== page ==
The Federal Reserve Act went further and provided for the conversion of the 2 per cent bonds bearing the circulation privilege, but not having any circulation outstanding at the time, into 3 per cent securities without the circulation privilege. Upon application of any federal reserve bank, approved by the Federal Reserve Board, the Secretary of the Treasury may issue, in exchange for the United States 2 per cent gold bonds bearing the circulation privilege but against which no circulation is outstanding, 1-year United States 3 per cent gold notes without the circulation privilege, to an amount not to exceed one-half of the 2 per cent bonds so tendered for exchange, and 30-year 3 per cent gold bonds without the circulation privilege for the remainder of the 2 per cent bonds so tendered. In obtaining the 1-year notes, however, the federal reserve bank enters into a contract with the Secretary of the Treasury to purchase, if the Secretary so requests, from the United States for gold, at the maturity of these 1-year notes, an amount of 1-year notes not to exceed those originally received from the Secretary in exchange for the 2 per cent bonds, this obligation to buy notes at each maturity of the previous issue continuing for a period not to exceed 30 years. The Treasury notes so issued are to run not longer than one year, are to be issued at par, in coupon or registered form, in denominations of $100 or multiples thereof, are to bear 3 per cent interest payable quarterly, redeemable at maturity in gold, and are exempt from payment of all taxes of the United States (except as provided by this act) and of state, municipal, or local taxes. The bonds, on the other hand, are payable in 30 years, bear 3 per cent interest, and are like the United States bonds without the circulation privilege. Upon application of any federal reserve bank, approved by the board, the Secretary may issue at par such 3 per cent bonds, to take up the 1-year gold notes. The Secretary may convert any amount of 2 per cent bonds that he deems best, and the establishment of such amount is a matter to be annually determined in accordance with the requirements of the situation.
Effect of Liberty Bond Issues on Bond Refunding and Conversion Bond refunding and conversions were well under way during 1916 and the first quarter of 1917. But the process was halted by the Liberty bond issues. Before that date the 3 per cent conversion bonds could be sold at a premium, and it was profitable to the federal reserve banks to buy the 2 per cent bonds at par, convert them into 3's, and sell at a premium. The 3 per cent notes could also be sold at a premium, but the reserve banks chose to keep them as an investment. But the issue of 3 1/2 per cent Liberty Loan bonds destroyed the market for 3 per cent conversion bonds, and sales at par were no longer possible. At this time 3 per cent conversion bonds were held by the reserve banks to the amount of $7,000,000.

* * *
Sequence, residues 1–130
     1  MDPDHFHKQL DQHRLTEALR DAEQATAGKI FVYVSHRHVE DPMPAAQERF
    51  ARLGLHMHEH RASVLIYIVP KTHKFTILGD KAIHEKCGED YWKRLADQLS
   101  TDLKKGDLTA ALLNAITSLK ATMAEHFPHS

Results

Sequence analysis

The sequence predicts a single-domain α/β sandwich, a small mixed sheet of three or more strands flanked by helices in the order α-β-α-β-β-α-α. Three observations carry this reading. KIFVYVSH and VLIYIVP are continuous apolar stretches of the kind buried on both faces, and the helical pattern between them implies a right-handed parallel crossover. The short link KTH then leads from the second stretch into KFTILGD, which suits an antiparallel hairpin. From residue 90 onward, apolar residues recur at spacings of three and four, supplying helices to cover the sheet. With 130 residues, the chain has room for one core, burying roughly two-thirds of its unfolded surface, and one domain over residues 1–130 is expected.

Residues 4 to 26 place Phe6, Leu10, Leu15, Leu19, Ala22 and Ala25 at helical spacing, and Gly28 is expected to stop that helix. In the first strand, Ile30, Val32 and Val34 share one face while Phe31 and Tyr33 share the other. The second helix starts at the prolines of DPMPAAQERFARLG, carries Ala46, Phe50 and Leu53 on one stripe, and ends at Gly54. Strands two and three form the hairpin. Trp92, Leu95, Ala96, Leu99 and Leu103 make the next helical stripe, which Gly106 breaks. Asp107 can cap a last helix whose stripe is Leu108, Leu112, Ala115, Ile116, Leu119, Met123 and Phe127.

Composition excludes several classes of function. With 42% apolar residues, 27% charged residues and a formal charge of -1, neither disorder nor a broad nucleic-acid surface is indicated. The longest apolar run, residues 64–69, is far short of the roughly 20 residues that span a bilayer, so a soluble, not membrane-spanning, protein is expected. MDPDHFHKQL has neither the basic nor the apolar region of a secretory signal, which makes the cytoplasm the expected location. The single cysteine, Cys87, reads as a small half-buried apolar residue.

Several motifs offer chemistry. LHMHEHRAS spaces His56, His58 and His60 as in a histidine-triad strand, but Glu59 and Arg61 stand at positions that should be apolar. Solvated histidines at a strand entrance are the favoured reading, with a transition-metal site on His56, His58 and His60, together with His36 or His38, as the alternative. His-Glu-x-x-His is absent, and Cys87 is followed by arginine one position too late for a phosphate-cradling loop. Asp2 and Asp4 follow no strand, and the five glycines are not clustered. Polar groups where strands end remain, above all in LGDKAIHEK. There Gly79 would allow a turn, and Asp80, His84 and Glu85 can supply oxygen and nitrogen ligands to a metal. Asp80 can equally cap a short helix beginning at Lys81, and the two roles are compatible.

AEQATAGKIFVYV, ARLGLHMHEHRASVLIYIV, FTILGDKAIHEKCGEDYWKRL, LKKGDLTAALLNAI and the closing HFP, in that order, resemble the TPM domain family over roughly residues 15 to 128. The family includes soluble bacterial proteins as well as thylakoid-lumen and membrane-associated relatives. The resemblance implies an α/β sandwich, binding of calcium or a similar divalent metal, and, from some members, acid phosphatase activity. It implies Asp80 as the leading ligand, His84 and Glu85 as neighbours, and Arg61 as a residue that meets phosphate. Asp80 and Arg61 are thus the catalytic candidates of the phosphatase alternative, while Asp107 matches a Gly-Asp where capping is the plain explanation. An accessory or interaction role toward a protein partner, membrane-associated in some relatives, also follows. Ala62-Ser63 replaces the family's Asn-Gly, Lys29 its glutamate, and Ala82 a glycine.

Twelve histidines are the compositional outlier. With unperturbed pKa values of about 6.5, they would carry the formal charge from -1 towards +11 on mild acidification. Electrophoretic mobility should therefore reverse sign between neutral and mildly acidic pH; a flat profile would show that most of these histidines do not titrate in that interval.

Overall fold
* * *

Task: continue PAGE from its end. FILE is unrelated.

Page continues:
To remedy this condition a proposal has been made to raise the rate on future issues of conversion bonds to 3 1/2 per cent. But the Federal Reserve Board hesitated to encourage the conversion of bonds in this or other ways, deeming it best during the war to hold the 2 per cent bonds with the circulation privilege rather than the conversion 3 per cent bonds without the privilege, so that in an emergency the volume of federal reserve bank notes might be expanded. On December 31, 1919, the aggregate holdings of the twelve federal reserve banks were $18.6 million of bonds with the note issue privilege, and $6.5 million of 3 per cent conversion bonds. From the fact that some $16 million of the privileged bonds bear but 2 per cent interest, it is evident that the federal reserve banks are not trying to make maximum earnings from this investment. In 1916 the Federal Reserve Board encouraged the federal reserve banks to buy the 2 per cent bonds, but discouraged the issue of federal reserve bank notes upon them; or, if such notes were issued to a reserve bank, the board favored the bank's holding them in its vaults against a time of stress. The policy of the Treasury has been to redeem the 1-year 3 per cent gold notes issued in connection with the conversions for the federal reserve banks.